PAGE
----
Professor Greg Burdea has been featured in a new exhibit, "Brain: The Inside Story," at the American Museum of Natural History, in New York City. Open now through August 15th, the exhibit seeks to provide visitors "a new perspective and keen insight into their own brains." Professor Burdea's research contributes quite well to such an aim, and it’s no surprise that the Museum would incorporate his work. Not a surprise except to Prof. Burdea, a member of the Rutgers ECE faculty, who had no idea about his involvement with the exhibit. "The first time I knew I was featured was when a colleague told me she had visited the museum with her children and saw my photo on a poster. It was a total surprise."
The Museum incorporated Prof. Burdea's work on the "plasticity" of the brain, to demonstrate how the brain can be rehabilitated and heal after an injury--a stroke, for example--waking up dormant neurons, re-training existing neurons, or re-connecting neural pathways in the brain. The key, says Prof. Burdea, "is that the patient exercises repeatedly, over long periods, and be engaged in the therapy, not being bored, not feeling pushed into the therapy, for the brain plasticity to occur."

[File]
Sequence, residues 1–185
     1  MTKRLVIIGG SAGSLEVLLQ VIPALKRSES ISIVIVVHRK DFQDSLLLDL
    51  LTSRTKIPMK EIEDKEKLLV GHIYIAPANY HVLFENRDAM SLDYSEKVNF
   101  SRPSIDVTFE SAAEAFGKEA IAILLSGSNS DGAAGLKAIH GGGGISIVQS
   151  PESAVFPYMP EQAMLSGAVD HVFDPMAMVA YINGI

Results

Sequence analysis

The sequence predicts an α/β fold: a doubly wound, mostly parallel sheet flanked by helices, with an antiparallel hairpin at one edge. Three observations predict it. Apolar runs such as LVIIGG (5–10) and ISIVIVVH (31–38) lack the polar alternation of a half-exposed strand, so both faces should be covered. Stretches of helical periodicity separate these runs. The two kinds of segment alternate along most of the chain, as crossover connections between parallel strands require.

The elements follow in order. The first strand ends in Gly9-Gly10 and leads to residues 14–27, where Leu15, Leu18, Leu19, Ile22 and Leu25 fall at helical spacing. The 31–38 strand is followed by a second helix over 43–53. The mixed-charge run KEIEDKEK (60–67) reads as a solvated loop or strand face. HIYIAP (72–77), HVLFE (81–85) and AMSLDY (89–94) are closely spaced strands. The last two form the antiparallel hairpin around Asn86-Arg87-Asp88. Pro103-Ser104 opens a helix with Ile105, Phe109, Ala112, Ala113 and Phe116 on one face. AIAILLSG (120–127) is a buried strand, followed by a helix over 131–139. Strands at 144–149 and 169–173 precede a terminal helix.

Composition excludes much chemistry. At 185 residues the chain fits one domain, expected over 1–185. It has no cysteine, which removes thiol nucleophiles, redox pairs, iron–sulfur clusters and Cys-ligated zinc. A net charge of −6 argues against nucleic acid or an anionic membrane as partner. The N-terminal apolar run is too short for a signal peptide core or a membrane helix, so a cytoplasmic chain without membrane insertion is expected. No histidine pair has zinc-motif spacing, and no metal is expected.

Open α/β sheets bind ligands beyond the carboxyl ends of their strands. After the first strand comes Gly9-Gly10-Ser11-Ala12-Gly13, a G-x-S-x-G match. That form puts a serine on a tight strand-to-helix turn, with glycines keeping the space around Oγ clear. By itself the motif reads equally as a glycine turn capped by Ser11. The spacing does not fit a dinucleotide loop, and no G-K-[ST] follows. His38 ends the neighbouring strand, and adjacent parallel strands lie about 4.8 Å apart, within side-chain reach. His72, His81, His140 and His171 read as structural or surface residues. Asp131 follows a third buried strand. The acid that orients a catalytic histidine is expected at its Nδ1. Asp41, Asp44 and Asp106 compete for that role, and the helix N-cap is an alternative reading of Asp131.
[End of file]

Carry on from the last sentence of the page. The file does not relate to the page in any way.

Professor Burdea has made significant contributions to the study of the brain's plasticity. In 2003, one such contribution was his work and research he published on Virtual Rehabilitation--a term he coined to represent the advances he and his team made in the lab with patients who received brain therapy while playing virtual reality games. The patients would gladly play and participate, while being mostly unaware that they were, in fact, engaged in a process of brain therapy and rehabilitation.
Currently, Prof. Burdea is directing the Tele-Rehabilitation Institute, which focuses on remote rehabilitation and has in recent years received notice from around the world. In addition, his team’s research pioneers an integrative virtual rehabilitation approach, treating both motor and cognitive/emotive disabilities in a single treatment.
More information on the Tele-Rehabilitation Institute can be found online @ www.ti.rutgers.edu.
Article by Sean Patrick Cooper